Mind games can happen to anyone. It doesn’t matter how experienced you are, or how skilful, once they set in they can take you back to the fearful mindset of a beginner.
Kayaking is a funny old thing when it comes to psychology. Some people seem to know no fear, while others feel the fear but are really, really good at not letting on that they do. Many others feel the fear and will openly admit it, but also allow the fear to control their kayaking. It is best summed up as “head games”, and I am suffering from it.
Head games never make sense logically, but our minds find a way to make them control us.
I started freestyle as a way to improve my general boating. When I first began messing around in short boats I was paddling all the time. I’d paddle my creek boat on rivers all through the winter going on trips all the time, and attending a considerable number of coached courses in places like Scotland and Slovenia. In the summer I would take both my creek boat and my playboat to CIWW pretty much every weekend without fail and mix it up between them. Even though I couldn’t do any freestyle tricks, paddling the shorter low volume boat was more of a challenge, and thus helped skills.
In the middle of the week I’d go to the slalom practice organised by Cheltenham and Wyedean clubs at Symonds Yat. There was also a group who privately set up their own slalom course at Nafford who I used to join in occasionally. Between that in the summer, I used to go with friends to the weir in the evening and generally mess around.
In short I was doing a lot more paddling, in a lot more varied situations, in different boats, than I do now. But I was also younger with less responsibilities in my life. It’s easy to paddle a lot when you don’t have much else to think about.
Thankfully the freestyle keeps me on the water regularly, although not in the varied situations as before. And that’s my fault. And it’s something I will be correcting from now on. The Ripper will now be coming with me each and every time I go to HPP for a few blasts down to get my down river skills back on track again.
A recent study found that one of the factors that made top athletes really good at what they did was variety. It wasn’t just practicing one skill, but doing a lot of variety within that skill. It’s another reason why if you paddle a river boat continuously you should get into a playboat a bit, and vice versa.
But what about the head games I mentioned? What I have been finding recently is that for some bizarre reason I’m having issues going into places like Fairy Wave at HPP. It’s exceptionally odd as it’s an absolutely fantastic feature, and one that previously I was comfortable on! At the moment I’m having great trouble even getting onto it.
This is of course incredibly frustrating as I know logically there’s no rhyme or reason to it. Or at least not ones that are presenting themselves. It’s doubly frustrating because I have an absolute ton of stuff from a coaching session a few weeks back that I really want to be working on, such as cartwheels, plugging, much better flat spin technique, and setting up for roundhouses etc. All stuff that is rather impossible to practice if your brain is going “No!”
What I’ve found has been happening is that I am totally up for paddling all week, but when I arrive at a place for some reason all the doubts start creeping in. What if my roll fails? What if Emily swims and I have to chase boat? What if, what if, what if?!
And it’s all ridiculous. My roll is generally solid, apart from one mishap a few weeks back, which again was part of the head game issue. In fact that incident shows up just how utterly, utterly stupid the head games thought process is.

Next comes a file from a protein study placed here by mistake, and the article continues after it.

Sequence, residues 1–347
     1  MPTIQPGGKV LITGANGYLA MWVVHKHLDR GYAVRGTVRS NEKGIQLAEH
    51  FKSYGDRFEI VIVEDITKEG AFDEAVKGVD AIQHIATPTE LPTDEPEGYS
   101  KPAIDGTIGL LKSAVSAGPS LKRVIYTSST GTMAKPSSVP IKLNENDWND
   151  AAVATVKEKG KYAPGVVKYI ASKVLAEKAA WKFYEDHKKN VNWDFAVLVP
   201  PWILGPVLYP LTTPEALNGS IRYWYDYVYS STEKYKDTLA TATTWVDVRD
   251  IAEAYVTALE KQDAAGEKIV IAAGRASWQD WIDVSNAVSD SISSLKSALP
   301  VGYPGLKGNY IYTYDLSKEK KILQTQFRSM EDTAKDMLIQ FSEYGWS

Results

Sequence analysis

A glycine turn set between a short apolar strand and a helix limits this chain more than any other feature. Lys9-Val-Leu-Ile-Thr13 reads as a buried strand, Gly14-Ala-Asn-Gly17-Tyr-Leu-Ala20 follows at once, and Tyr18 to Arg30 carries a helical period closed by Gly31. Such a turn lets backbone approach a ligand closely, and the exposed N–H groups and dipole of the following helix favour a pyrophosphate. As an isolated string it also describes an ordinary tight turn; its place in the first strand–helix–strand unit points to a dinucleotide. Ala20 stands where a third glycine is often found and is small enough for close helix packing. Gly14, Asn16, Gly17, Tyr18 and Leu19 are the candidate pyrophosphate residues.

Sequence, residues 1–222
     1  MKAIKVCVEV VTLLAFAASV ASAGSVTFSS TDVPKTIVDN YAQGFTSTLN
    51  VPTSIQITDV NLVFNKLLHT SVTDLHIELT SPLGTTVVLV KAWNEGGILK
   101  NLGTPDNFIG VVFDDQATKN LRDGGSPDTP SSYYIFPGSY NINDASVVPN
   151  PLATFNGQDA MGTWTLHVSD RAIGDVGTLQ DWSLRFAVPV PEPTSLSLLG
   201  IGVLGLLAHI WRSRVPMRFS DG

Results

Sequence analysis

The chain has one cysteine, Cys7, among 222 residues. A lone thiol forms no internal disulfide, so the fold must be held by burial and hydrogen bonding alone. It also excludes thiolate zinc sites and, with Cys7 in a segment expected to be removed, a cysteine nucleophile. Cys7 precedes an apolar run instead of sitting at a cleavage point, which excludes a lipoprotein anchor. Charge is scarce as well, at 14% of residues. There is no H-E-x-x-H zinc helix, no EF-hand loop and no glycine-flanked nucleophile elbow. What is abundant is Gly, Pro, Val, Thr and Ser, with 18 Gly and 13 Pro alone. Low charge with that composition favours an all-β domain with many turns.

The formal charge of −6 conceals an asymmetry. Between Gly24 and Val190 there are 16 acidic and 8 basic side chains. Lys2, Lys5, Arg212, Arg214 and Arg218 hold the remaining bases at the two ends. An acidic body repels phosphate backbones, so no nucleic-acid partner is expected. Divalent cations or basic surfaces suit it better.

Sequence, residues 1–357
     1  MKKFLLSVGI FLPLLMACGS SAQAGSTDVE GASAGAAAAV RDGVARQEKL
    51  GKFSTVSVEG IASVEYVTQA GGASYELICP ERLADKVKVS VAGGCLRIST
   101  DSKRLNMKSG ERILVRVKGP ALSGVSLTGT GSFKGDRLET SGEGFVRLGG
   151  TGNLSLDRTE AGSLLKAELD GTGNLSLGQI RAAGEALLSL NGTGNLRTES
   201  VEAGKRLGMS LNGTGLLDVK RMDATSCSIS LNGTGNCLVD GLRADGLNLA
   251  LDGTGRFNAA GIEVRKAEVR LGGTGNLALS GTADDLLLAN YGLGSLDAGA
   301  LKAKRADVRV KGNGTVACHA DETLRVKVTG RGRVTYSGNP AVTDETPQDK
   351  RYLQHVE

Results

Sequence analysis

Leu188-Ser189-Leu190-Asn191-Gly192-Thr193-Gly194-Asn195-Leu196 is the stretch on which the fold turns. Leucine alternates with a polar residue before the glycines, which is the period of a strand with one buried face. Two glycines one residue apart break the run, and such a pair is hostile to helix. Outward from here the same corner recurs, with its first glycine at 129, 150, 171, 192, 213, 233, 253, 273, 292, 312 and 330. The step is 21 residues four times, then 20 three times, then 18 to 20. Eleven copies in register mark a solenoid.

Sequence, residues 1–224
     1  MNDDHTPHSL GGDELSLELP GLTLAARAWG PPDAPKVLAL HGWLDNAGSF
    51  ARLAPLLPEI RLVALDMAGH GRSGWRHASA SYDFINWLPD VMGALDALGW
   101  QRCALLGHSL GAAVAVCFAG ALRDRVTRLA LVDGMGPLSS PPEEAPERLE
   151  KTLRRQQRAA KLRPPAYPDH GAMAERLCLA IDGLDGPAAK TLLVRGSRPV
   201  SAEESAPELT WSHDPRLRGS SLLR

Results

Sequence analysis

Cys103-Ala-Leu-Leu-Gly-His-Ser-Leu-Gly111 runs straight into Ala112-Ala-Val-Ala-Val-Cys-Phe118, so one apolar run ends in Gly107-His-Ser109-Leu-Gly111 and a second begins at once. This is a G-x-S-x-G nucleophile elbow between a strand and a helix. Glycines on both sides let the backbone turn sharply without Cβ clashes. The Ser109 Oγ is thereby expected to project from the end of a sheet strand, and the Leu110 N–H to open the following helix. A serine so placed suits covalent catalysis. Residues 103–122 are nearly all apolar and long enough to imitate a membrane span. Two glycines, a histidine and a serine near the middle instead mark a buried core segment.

I had been attempting a high cross on Twin Wave but got flushed out, and in the process of going off the back of the wave ‘tripped’ over my paddle. It happens. So I roll up on my offside. I actually come all the way up but for some inexplicable reason fall back in again! So I roll up on my onside, and the same damn thing happens! I was up for crying out loud!
So anyway, my stupid thought process went like this. “I don’t want to go through jaws upside down. I know, instead of trying a third roll which I have plenty of time and space to do, I’ll pull the deck and go swimming through it instead!”
Yeah, dumb. *Reallllllllly dumb*!
So not only did I have have pretty much all the time in the world to have another roll attempt, going through Jaws upside down would not have been a terrible experience, and there’s plenty of flat afterwards before Troll Hole!
So what am I going to do about it all?
This cannot go on, and I’m not going to let it. Taking advice from a few people I am going to do a few things.
- On Fairy Wave I’m just going to go in and set small challenges for myself, such as side surfing for 10 seconds on one side, coming out, then going back in to do the same the other side. Yep, this is a pretty big step backwards in terms of skills practice, but I’m not exactly going to get my mojo back by thinking about how I’m going to do a loop or a blunt etc!
- I want to make my back deck roll instinctive. On my first failed roll I mentioned above, if my back deck roll was one of my natural ‘go to’ rolls I could have been back up in a second after I started to topple over again. It’s sooooooo much faster to do than a screw roll or C-C because there’s no set up faffing. You could probably do 2-3 back deck rolls in the time it takes someone to go over and wait until they float to the surface into set up and do a traditional roll.
- I’m going to mix things up more and bring my river boat so I can do some blasts in that to keep my general skills in check, which helps with confidence in abilities by reminding myself that I’m not a complete beater!
- If something is going badly, change tact and do something different. If I am having a bad day on one feature, go for a blast down the course or go onto a different feature.